Before Grace had answered somebody else came to the door below—a foot-fall light as a roe’s. There was a hurried tapping upon the panel, as if with the impatient tips of fingers whose owner thought not whether a knocker were there or no. Without a pause, and possibly guided by the stray beam of light on the landing, the newcomer ascended the staircase as the first had done. Grace was sufficiently visible, and the lady, for a lady it was, came to her side.

“I could make nobody hear down-stairs,” said Felice Charmond, with lips whose dryness could almost be heard, and panting, as she stood like one ready to sink on the floor with distress. “What is—the matter—tell me the worst! Can he live?” She looked at Grace imploringly, without perceiving poor Suke, who, dismayed at such a presence, had shrunk away into the shade.

Mrs. Charmond’s little feet were covered with mud; she was quite unconscious of her appearance now. “I have heard such a dreadful report,” she went on; “I came to ascertain the truth of it. Is he—killed?”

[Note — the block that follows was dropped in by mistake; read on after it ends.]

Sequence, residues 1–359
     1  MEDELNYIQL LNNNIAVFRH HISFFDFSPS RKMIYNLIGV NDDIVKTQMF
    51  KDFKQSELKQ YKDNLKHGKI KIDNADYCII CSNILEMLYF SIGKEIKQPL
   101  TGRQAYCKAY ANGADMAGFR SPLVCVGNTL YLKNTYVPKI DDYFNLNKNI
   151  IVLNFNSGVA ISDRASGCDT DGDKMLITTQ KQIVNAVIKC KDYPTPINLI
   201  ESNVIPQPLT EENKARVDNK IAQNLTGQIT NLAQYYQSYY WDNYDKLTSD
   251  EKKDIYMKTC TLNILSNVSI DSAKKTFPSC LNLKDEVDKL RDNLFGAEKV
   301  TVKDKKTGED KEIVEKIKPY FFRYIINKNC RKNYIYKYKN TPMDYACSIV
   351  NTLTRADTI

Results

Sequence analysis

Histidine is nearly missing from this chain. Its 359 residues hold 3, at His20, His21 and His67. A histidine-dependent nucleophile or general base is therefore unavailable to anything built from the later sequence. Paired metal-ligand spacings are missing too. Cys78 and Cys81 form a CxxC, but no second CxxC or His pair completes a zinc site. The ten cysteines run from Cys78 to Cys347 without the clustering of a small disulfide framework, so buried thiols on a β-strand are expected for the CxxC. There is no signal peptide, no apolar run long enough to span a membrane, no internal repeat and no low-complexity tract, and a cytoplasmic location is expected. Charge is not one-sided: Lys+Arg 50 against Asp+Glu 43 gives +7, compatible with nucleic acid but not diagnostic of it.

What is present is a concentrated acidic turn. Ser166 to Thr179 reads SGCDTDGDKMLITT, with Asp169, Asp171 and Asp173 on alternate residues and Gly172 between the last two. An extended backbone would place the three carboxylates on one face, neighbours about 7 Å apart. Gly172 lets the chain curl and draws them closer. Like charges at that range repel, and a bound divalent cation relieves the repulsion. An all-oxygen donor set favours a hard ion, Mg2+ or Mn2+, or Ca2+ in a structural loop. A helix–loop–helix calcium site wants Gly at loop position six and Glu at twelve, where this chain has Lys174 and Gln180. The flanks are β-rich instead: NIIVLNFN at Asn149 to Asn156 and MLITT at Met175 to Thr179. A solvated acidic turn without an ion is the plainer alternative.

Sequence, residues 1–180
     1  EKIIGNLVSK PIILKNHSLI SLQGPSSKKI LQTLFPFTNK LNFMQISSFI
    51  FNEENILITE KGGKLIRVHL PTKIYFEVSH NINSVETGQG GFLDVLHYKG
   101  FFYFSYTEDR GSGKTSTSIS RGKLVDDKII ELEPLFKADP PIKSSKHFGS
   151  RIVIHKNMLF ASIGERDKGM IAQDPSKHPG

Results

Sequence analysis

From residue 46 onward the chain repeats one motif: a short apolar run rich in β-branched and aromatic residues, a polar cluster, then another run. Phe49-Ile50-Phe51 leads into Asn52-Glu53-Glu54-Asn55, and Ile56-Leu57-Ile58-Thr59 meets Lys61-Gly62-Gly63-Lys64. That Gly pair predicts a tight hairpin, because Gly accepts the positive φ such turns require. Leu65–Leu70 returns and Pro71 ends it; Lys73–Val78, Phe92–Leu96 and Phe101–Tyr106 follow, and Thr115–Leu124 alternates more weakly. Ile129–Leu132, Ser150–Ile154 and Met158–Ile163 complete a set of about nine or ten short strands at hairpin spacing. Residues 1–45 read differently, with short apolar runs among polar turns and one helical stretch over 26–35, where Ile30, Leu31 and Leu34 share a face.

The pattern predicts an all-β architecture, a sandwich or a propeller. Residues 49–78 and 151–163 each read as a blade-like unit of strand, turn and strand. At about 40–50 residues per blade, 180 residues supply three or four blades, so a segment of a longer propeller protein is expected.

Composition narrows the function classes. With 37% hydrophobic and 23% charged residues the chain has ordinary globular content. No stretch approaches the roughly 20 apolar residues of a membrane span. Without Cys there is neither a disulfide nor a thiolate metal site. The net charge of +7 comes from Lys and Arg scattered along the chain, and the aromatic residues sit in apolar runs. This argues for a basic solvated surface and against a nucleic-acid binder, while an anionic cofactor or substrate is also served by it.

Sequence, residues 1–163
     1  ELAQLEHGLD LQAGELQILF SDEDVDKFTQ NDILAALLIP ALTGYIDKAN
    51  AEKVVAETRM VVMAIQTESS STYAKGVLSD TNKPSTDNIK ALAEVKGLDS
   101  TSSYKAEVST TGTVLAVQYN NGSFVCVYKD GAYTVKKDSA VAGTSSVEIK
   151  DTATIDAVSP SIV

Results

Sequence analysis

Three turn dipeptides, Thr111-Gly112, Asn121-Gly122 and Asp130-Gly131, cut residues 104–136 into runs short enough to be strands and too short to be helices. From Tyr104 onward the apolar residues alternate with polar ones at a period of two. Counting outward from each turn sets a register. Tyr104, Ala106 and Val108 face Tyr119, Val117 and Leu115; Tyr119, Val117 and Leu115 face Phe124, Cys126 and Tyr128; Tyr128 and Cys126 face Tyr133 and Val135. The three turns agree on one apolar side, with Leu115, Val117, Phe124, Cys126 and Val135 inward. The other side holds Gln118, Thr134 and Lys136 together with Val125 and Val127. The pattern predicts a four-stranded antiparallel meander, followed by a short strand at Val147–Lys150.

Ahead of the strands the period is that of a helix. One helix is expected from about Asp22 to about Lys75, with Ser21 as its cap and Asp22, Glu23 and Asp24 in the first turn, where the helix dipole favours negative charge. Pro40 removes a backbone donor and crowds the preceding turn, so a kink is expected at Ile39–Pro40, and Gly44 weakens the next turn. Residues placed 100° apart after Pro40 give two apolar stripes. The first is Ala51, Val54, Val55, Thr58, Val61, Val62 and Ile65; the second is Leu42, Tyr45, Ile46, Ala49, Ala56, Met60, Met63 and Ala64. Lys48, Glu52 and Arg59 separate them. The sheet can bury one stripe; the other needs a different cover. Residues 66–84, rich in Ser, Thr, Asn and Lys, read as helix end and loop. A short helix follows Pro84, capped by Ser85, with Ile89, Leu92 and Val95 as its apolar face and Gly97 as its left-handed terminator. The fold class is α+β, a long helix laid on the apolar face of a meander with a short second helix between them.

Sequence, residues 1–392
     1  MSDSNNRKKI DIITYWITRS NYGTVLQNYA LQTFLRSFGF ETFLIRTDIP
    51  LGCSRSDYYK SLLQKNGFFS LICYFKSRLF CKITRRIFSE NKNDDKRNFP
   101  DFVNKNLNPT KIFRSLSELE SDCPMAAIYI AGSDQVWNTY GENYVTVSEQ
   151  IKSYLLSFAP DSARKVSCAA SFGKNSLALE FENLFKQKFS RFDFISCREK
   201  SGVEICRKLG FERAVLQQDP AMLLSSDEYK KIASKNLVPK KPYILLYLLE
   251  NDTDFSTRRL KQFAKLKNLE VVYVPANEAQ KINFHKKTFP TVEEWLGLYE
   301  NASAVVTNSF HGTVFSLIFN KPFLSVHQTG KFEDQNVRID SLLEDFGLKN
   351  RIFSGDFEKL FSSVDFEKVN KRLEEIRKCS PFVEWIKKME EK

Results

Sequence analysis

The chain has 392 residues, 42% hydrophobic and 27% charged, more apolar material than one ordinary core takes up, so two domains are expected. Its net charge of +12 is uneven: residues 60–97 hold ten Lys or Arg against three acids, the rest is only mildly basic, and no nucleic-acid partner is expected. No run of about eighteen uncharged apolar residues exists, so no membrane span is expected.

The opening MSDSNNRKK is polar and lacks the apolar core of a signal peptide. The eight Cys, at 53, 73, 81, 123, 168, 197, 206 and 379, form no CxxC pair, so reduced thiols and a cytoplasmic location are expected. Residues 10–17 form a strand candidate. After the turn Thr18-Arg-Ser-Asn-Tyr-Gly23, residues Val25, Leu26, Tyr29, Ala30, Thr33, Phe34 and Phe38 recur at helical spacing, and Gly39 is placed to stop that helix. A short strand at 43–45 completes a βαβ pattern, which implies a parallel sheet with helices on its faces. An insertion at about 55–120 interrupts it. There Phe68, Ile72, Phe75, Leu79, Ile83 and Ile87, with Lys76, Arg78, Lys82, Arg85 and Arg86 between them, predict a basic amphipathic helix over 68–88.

“She won’t tell us—he’s dying—he’s in that room!” burst out Suke, regardless of consequences, as she heard the distant movements of Mrs. Melbury and Grammer in the bedroom at the end of the passage.

“Where?” said Mrs. Charmond; and on Suke pointing out the direction, she made as if to go thither.

Grace barred the way. “He is not there,” she said. “I have not seen him any more than you. I have heard a report only—not so bad as you think. It must have been exaggerated to you.”

“Please do not conceal anything—let me know all!” said Felice, doubtingly.

“You shall know all I know—you have a perfect right to know—who can have a better than either of you?” said Grace, with a delicate sting which was lost upon Felice Charmond now. “I repeat, I have only heard a less alarming account than you have heard; how much it means, and how little, I cannot say. I pray God that it means not much—in common humanity. You probably pray the same—for other reasons.”

She regarded them both there in the dim light a while.